5 real backstage brawls where the favorites lost
You might be surprised about who won these real life fights between wrestling stars.
Professional wrestling is built on the concept of men and women working together to put on a dramatic representation of a fight. Yes, a lot of the hits and falls are real, but by and large, the intention isn’t for anyone to get hurt. The objective is entertainment, as opposed to injury.
However, with so many athletes who take pride in what they do, it makes sense enough that there would be some real-life confrontations that escalate into fights. Sometimes it’s a matter of a long-simmering beef boiling over into fisticuffs.
Sometimes it’s a misunderstanding a single incident at the wrong time that blows up into a full-blown fight. Whatever the case may be, backstage brawls are a part of wrestling history.
Sometimes, the brawls go down just the way you’d expect, like when Bret Hart got his hands on Vince McMahon backstage after Survivor Series 1997. There are, however, those occasions when things take a surprise turn.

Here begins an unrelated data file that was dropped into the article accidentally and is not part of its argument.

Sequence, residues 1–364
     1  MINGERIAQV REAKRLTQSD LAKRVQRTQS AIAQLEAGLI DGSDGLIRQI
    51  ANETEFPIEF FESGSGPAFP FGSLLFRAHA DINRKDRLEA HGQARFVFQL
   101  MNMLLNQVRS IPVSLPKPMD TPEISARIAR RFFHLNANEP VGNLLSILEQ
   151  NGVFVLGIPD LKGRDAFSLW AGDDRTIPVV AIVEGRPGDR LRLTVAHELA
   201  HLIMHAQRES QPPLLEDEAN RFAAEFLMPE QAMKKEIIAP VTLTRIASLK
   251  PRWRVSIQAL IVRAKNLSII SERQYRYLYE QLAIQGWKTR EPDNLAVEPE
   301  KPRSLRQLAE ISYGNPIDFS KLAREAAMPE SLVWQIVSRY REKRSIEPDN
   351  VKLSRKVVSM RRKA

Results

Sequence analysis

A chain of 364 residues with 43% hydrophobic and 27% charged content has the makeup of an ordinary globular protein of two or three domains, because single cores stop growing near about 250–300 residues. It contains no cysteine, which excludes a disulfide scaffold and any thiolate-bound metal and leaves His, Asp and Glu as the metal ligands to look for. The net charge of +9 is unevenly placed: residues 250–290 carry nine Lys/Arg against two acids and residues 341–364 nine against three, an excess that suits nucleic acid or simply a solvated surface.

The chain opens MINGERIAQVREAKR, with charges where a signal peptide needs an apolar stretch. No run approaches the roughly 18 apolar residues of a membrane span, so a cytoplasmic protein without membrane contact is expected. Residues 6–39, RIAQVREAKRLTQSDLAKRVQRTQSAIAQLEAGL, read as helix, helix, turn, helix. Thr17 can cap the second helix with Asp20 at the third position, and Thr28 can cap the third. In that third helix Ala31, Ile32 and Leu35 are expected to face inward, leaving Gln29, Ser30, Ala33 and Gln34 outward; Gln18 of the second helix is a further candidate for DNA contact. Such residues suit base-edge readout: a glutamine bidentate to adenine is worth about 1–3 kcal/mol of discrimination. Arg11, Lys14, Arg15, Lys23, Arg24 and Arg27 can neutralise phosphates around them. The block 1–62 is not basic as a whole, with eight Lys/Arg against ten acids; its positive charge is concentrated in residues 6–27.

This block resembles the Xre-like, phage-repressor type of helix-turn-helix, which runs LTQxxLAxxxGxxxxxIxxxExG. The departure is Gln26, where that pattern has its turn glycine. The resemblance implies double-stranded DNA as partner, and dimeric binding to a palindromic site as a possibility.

Maybe it’s because one guy is a much bigger star, or because he has the size advantage, or real life credentials that make us think he’d be a good fighter. Whatever the case, there are times when an underdog ends up getting the better of the favourite in these real brawl situations. This article looks back at five of those cases.
#5 JBL vs. Joey Styles
JBL is well known as a bit of a bully. During his in-ring career, rumours abounded that he was a Vince McMahon’s hired gun to rough up people who needed to be taught a lesson, toughened up, or made an example of. This led to infamous instances of him being stiff with Public Enemy, The Blue Meanie, and DH Smith on different occasions.
It’s also rumoured that he’s either been instructed or chosen to take liberties in verbally digging at guys on commentary, such as pressing Cody Rhodes during a guest commentary spot during his feud with The Shield and The Authority.
When JBL got in broadcaster Joey Styles’s face backstage, you’d have to assume Styles would either just take it, or, if he stood up for himself, he wouldn’t stand a chance against the much bigger athlete. However, Styles infamously not only stood up for himself, but punched out JBL.
It was a classic example of a bully taking a rough hit, and backing down based on it. Maybe JBL recognised he’d only look bad if he came back and really tried to fight the much smaller Styles—win or lose. Or maybe Styles’s punch really did put the Big Texan in his place.